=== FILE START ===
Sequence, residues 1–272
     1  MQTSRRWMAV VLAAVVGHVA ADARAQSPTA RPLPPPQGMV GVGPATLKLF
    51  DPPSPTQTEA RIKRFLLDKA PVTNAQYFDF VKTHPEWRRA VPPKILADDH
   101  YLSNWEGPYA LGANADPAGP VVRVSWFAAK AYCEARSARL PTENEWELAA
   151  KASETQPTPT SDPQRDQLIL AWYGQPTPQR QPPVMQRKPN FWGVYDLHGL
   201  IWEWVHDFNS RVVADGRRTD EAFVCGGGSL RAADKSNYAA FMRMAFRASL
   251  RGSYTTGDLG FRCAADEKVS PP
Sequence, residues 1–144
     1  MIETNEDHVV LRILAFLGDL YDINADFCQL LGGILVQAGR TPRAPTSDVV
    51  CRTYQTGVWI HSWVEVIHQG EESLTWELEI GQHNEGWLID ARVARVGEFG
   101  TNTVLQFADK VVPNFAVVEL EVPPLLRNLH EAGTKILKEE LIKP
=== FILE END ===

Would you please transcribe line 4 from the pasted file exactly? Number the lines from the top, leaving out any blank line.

   101  YLSNWEGPYA LGANADPAGP VVRVSWFAAK AYCEARSARL PTENEWELAA